pampers. the #1 pediatrician recommended brand . would you like to know exactly why navigating the canal is so difficult? >> perhaps some other time. >> the canal is narrow, the ships are vast the tide is seasonal and so the wind whips in off the desert your ballast is to the weather bank the pilots have to track the steady course for the best part of 100 miles it takes them seven years to learn how to do it. >> well, "the crown" hopefully adding just a little more understanding for the operator of the "ever given." that blocking the suez canal for a fourth day now the u.s. navy reportedly planning to send a team of experts to help out. the white house saying today it's concerned about the impact
on the energy market that is delaying $400 million of goods every hour or $9.6 billion of goods every day that's according to data from a shipping company raf sanchez is following this from cairo. >> reporter: we are now in day four of this extraordinary situation with no end in sight an effort was made earlier to try to refloat the "ever given" to get it off of the sand back into the flow of the canal that didn't work the egyptian government says it's going to try using nine massive tugboats to basically drag this ship sunday is looking potentially promising for that the tide is going to be a little bit higher which may make it a little bit easier. if that doesn't work, some pretty desperate options are going to have to be considered one of them is going to be to unload some of the 20,000 containers on that ship to ease its weight, but that is a complicated and dangerous thing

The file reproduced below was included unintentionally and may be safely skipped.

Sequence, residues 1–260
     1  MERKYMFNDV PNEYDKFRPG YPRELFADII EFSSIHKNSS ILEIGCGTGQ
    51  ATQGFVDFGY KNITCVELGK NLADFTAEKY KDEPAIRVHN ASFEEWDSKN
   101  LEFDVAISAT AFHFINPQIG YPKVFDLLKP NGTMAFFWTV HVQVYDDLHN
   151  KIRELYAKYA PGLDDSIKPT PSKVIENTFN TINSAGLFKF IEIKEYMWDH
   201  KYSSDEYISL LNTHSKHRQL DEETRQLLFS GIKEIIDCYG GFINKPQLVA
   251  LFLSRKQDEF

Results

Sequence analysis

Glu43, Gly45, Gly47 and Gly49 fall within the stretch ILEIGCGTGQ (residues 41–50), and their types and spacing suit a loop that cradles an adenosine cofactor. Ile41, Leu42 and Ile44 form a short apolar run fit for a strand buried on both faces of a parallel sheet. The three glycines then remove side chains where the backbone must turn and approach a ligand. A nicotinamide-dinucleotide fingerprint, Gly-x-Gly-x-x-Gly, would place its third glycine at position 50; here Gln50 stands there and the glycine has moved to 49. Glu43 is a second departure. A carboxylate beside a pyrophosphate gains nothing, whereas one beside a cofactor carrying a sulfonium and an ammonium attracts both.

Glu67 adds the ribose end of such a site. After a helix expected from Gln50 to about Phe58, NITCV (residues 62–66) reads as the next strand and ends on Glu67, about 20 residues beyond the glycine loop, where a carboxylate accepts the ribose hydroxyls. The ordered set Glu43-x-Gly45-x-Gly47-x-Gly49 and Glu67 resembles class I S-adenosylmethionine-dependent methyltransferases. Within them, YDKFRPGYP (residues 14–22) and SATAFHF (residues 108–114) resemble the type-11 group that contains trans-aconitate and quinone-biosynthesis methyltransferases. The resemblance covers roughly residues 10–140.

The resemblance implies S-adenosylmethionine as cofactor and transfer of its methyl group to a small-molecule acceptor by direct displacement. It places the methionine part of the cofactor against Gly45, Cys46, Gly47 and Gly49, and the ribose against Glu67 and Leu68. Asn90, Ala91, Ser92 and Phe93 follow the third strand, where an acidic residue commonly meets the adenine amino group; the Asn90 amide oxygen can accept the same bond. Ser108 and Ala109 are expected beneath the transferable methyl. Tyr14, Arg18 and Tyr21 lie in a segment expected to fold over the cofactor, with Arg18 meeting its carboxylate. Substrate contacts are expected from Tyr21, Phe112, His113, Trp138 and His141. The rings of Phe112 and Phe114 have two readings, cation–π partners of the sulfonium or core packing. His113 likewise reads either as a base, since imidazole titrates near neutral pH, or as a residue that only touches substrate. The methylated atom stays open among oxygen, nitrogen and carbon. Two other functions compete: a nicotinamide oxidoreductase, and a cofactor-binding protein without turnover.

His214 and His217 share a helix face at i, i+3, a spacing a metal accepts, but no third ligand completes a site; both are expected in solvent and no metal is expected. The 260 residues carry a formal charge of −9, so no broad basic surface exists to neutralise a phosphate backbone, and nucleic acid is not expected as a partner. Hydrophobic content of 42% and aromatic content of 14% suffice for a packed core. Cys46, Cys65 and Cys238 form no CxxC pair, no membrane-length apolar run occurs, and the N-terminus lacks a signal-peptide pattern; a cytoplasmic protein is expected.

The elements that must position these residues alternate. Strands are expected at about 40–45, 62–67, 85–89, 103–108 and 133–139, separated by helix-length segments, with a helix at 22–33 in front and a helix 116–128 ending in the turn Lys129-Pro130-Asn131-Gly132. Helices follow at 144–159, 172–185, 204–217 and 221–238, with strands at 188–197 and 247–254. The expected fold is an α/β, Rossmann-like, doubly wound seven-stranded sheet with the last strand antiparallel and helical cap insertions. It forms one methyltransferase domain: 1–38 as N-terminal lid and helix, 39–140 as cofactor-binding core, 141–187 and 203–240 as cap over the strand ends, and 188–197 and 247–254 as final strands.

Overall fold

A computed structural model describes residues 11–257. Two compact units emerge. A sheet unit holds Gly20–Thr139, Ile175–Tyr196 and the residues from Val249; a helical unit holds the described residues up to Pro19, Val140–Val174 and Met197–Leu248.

to do. there's a potential risk of cap sizing if you upset the delicate balance of weight on a ship like that now, of course every day that goes by other ships are having to make a decision do they stop and wait and hope the suez canal is open soon or do they take the long way around all the way around africa to europe that way is longer, it's more expensive and more dangerous there is still a real risk of piracy off the horn of africa. somali pirates known to attack cargo ships as they go by. the u.s. navy says it's been getting calls from shipping companies asking them about the current piracy threat. frank? >> joining us now, captain morgan mcmanus, the master of the empire state six, that's a maritime college training ship and he's actually navigated through the suez canal six times, both north and south. captain morgan, thank you for being here. >> thanks, frank.
>> we'll skip the jokes about your name being captain morgan and let the people on twitter do that one on a serious note, you have navigated this canal multiple times. how difficult is it? and that spot where the ship got stuck, are you familiar with it at all >> the canal is a challenge from a time perspective it takes 16 hours to go through. it's a long day, it's a long evolution. i've been through it on car carriers and cargo ships where you have that high profile similar to the ever given. when the winds kick up like that, you really have to anticipate and adjust your course to cheat over for that wind, to compensate for it so it becomes a challenge. you know, you have the suez pilots that are on board and they're there as advisers but the captain is still ultimately responsible for the safety and safe navigation of the ship so it's a challenge going through there. sand storms king up, you have to